7 deadly sins of grant seekers

For the faith-based nonprofits with which I work – and in fact, for the majority of small to mid-size 501(c) 3s – foundation-funded grants are a tiny fraction of total gift income. Yet invariably, “write more proposals” is the first suggestion from organizational leaders when money is tight. I spend a lot of time talking board members and executive directors down from their high hopes of grants to the rescue.

angel_devil_tug_war_400_clr_6266That said, there’s no denying that a grant or two can be a tremendous boost to an organization’s mission effectiveness. I’ve been there, enjoyed that, and hope to again someday. I’ve sought grants as a development officer, written proposals for others as a consultant, and cheered from the boardroom over grants received.

A grant is lovely money when you get one, and getting a grant is more likely if you avoid the following pratfalls. The list comes from the folks over at Intelmarx via their blog, Non-Profit 2.0.  Here’s my summary of their good advice.


If you’re hearing “no” more often than “yes” in response to your proposals, the reason(s) for the rejections may be:

  1. You don’t write for your audience. A bit of boiler plate is expected, but no two proposals should be exactly alike. It’s important to know the foundation’s mission and then tailor your proposal in that direction.
  2. You aren’t proofreading enough. Poor writing and bad grammar are the kiss of death for your proposal. If possible, have three or more people read your prose before sending it on its way. If anything in your proposal doesn’t make sense to one of your readers, it definitely needs changed.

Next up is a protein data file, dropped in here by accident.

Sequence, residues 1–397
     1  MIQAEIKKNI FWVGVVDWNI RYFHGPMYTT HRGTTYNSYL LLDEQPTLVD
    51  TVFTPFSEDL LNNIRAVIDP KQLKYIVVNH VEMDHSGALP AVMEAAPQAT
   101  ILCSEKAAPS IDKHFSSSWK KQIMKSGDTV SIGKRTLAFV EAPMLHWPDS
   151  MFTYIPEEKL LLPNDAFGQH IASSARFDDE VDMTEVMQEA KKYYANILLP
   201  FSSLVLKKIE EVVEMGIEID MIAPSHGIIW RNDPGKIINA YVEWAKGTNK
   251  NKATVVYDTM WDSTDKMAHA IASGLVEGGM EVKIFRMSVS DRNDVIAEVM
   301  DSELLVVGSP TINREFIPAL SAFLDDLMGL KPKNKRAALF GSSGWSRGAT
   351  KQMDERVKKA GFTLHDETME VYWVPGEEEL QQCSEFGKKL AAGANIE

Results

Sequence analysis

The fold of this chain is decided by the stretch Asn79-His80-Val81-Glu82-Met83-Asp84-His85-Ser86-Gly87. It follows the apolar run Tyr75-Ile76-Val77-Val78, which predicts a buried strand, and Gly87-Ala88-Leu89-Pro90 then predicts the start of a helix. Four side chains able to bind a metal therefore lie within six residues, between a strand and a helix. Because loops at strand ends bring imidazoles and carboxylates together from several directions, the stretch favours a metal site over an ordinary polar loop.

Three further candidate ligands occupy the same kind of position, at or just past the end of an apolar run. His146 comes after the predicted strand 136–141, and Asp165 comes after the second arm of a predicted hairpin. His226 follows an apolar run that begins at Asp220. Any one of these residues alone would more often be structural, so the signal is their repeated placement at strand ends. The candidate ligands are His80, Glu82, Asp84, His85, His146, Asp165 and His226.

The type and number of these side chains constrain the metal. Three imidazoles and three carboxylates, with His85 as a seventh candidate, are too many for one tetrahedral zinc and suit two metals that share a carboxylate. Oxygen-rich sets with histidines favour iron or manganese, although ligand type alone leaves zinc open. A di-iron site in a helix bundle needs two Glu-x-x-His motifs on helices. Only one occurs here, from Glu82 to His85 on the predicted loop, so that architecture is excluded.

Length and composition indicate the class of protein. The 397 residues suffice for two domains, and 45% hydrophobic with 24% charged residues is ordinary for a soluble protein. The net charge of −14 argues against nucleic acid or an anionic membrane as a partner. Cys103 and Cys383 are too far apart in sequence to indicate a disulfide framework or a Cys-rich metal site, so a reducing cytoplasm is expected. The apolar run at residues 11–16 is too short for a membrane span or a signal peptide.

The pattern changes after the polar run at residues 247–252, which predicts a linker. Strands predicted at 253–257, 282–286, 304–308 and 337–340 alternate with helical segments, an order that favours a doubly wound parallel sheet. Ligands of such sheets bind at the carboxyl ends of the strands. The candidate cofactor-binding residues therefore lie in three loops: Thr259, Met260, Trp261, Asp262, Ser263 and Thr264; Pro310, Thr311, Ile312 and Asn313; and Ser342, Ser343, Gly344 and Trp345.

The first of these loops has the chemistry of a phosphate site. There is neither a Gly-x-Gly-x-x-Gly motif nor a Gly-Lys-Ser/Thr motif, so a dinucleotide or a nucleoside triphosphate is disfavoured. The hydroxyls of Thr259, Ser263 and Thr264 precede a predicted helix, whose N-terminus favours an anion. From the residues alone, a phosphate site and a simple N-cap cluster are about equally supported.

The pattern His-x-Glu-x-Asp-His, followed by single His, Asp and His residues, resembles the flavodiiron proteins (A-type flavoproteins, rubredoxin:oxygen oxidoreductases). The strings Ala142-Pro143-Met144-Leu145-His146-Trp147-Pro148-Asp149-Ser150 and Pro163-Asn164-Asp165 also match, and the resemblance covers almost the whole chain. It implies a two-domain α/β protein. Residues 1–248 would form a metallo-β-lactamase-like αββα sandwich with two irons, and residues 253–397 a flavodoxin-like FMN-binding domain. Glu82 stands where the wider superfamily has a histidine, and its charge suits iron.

3. You aren’t thorough enough. Don’t assume the person doing the reading in the foundation office  knows your organization. Include a concise, compelling introduction to who you are, what you do, and why you matter.
  4. Your proposal contains too much fluff. Thoroughness is great, but don’t over-do it. Unnecessary information will only cause confusion.
  5. You have a goal but no plan. Good ideas are a dime a dozen, and worth about as much. Good ideas backed up by a plan are the ones that get funded. You need to show you know the way from here to there and that you’re ready and able to make the journey.
  6. You aren’t providing enough data. To show you actually know what you are talking about,  include facts and figures from your files, along with stats from similar projects. Let the reader know that you know there are other organizations working on “your” issue and how your approach is different.
  7. Using unreasonable budgets. Program officers know a padded budget when they see one. They also flag requests that are too small to get the proposed job done. When it comes to budgets, detail and honesty matter.

Aside from a few niche charities, foundation grants will remain a tiny fraction of organizational income. However, write your proposals right and next year, that fraction could be a bit bigger for your organization. So go (for it) and sin no more.

Talk back: What has your experience taught you about proposal writing?

What's your take on this topic?

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